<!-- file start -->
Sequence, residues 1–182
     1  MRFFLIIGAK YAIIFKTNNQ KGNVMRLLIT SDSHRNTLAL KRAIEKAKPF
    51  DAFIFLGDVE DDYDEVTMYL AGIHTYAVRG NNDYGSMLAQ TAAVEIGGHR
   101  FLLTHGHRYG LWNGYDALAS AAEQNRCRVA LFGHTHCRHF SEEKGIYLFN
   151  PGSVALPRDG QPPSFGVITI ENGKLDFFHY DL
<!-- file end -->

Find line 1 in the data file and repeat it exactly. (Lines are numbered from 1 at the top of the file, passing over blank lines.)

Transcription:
Sequence, residues 1–182